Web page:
“They say their spiritual practice is to be among the people – which means party. So, when in Iceland, [they were] out nonstop. [Their] favorite were raves, where [they’d] go on benders for two or three days at a time.”

Another source claimed Miller tended to “recruit” young followers into their circle “in a period of vulnerability”, luring them in with lucrative offers – such as of joining Miller’s band and Miller producing an album for them – that “[n]ever seemed to materialise”.

Miller became embroiled in a string of controversies across 2022. In January, they made headlines due to a bizarre Instagram video threatening members of the Ku Klux Klan in Beulaville, North Carolina. The Vanity Fair report ties this incident to a troubling obsession with guns that Miller allegedly developed in recent years. One source reportedly told the publication of an occasion where Miller “burn[ed] sage out of the barrel of an AR15 and wav[ed] it around while singing”.

Following their KKK video, Miller is said to have become paranoid around those close to them, with some friends having locked their firearms away in a safe out of concern for the actor. One that Vanity Fair spoke to alleged they’d walked in on Miller brandishing a bow and arrow they’d acquired on a film set.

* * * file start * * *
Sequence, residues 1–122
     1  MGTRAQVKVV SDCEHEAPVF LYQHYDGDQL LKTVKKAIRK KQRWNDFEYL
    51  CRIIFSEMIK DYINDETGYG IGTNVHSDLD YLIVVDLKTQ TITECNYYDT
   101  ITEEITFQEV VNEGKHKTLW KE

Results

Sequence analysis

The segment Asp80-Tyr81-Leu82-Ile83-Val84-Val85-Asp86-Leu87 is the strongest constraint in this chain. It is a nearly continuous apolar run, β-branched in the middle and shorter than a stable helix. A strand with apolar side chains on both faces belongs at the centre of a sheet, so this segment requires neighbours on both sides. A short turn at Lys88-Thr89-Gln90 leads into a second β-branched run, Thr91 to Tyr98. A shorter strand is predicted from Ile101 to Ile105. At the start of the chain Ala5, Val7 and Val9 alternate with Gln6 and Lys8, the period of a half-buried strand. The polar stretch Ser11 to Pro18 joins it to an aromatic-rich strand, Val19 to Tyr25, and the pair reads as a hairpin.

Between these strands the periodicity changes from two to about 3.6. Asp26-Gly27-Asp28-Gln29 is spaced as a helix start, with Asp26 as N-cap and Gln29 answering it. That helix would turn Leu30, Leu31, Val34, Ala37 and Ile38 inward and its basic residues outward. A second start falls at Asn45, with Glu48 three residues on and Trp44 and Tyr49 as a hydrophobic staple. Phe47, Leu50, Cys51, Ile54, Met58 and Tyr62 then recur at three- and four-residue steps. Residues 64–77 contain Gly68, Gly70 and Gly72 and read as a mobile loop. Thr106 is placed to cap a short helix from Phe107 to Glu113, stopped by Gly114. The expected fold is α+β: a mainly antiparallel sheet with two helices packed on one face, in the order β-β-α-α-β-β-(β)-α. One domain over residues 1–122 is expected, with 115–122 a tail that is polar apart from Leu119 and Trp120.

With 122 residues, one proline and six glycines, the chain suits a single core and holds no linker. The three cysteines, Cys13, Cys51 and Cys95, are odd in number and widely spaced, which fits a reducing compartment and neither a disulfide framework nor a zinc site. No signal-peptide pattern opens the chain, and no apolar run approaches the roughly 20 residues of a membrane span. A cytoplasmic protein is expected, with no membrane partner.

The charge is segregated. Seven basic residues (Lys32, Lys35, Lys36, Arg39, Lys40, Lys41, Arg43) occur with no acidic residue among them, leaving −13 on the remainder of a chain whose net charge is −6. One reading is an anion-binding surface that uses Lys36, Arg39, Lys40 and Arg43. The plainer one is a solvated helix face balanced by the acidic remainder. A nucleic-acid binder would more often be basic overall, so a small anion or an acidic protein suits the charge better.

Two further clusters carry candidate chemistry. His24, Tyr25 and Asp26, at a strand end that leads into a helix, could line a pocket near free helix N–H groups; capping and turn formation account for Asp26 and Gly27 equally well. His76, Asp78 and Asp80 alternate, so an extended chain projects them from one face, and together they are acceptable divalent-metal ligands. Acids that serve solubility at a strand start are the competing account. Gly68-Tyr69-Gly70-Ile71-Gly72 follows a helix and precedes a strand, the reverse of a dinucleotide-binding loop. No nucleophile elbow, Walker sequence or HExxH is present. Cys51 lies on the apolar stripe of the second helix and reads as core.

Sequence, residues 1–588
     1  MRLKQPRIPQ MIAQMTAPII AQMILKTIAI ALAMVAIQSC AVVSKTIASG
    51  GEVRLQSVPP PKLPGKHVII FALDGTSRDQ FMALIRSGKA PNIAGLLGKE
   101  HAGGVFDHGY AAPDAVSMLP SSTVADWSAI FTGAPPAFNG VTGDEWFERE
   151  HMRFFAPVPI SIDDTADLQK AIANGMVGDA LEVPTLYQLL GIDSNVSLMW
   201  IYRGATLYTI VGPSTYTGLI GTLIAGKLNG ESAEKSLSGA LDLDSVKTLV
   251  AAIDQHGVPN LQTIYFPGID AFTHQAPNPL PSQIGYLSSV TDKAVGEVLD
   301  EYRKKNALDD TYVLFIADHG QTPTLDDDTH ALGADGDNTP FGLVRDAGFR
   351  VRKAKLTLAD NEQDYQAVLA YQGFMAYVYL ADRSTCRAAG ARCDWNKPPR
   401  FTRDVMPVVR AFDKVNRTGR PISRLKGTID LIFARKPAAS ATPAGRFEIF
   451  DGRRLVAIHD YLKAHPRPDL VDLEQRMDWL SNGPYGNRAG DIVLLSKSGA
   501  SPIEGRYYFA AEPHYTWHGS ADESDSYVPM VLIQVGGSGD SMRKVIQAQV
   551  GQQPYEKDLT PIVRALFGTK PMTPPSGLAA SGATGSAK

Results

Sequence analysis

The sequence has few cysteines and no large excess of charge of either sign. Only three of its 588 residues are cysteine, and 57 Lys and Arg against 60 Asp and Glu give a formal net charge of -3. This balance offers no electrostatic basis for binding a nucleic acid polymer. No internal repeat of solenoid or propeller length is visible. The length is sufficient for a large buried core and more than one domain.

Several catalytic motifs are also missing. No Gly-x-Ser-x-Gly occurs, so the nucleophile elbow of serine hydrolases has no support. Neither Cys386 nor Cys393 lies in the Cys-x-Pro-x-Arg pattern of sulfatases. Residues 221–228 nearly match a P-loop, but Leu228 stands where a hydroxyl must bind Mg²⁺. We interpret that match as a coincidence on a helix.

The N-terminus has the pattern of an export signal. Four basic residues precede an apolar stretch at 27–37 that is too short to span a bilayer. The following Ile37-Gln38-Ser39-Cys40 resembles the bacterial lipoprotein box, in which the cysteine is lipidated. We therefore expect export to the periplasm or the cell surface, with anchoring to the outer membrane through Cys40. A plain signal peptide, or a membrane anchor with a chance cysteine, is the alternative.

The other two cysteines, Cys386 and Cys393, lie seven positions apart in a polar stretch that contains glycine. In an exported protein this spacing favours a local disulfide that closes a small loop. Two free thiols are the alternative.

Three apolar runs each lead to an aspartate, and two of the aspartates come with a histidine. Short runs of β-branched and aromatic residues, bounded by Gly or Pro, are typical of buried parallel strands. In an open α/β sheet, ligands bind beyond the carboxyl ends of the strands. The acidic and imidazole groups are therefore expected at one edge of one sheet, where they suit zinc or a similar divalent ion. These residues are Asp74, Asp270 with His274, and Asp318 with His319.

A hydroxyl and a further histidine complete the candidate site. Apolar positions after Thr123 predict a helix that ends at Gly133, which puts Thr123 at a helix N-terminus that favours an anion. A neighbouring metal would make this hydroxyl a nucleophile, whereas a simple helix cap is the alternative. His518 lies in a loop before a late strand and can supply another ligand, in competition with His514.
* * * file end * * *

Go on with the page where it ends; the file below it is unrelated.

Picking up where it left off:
Two months later, during a trip to Hawaii, Miller was arrested and charged with disorderly conduct and harassment, following an incident in a bar where they allegedly became “agitated” and began “yelling obscenities”. In April, during the same trip, they were arrested for a second time after allegedly throwing a chair at a woman.

During this time, Miller is said to have appeared “emaciated and unshowered, subsisting on energy drinks spiked with rum, gas-station snacks, and ‘medicine’”, with one source claiming to Vanity Fair that Miller would use the term “medicine” as “a code word for whatever drug they’re deciding is medicine that week”.

It’s reported that Miller was accompanied in Hawaii by an environmental activist, with an alleged witness saying the actor was “intensely controlling” towards the 18-year-old. In June, the activist’s parents filed a protective order against Miller, claiming they “use[d] violence, intimidation, threat of violence, fear, paranoia, delusions, and drugs to hold sway over” her as “a young adolescent” (it’s reported that Miller first met the activist when the latter was aged 12). The order was granted, though the court was unable to locate Miller. In August, the activist gave an interview denying that Miller had ever groomed or abused her.